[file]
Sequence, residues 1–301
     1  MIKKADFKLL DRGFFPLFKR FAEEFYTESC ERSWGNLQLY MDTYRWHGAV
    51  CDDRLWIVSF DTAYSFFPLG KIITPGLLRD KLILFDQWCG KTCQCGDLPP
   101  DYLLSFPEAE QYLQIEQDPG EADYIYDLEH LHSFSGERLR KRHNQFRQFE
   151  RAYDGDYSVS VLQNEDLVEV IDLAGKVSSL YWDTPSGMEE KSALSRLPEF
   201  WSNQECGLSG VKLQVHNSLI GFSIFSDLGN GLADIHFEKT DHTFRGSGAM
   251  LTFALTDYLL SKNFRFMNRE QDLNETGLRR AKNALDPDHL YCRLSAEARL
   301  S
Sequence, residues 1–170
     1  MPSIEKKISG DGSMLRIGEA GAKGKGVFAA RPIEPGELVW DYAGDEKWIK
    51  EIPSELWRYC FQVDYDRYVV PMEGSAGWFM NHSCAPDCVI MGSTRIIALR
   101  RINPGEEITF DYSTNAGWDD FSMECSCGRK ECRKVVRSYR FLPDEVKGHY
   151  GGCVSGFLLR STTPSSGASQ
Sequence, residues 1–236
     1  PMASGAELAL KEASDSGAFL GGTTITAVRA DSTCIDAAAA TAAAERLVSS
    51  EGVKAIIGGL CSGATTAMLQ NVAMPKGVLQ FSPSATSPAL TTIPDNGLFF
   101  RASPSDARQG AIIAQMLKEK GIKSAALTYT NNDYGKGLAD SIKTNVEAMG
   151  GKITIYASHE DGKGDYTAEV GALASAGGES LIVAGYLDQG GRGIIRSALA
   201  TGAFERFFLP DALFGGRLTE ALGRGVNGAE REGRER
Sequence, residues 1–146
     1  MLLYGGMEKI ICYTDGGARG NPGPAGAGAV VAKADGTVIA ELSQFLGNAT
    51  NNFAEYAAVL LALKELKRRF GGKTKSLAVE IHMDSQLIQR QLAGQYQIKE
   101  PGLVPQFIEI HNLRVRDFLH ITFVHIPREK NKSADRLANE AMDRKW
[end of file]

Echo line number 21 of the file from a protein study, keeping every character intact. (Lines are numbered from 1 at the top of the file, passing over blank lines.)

     1  MLLYGGMEKI ICYTDGGARG NPGPAGAGAV VAKADGTVIA ELSQFLGNAT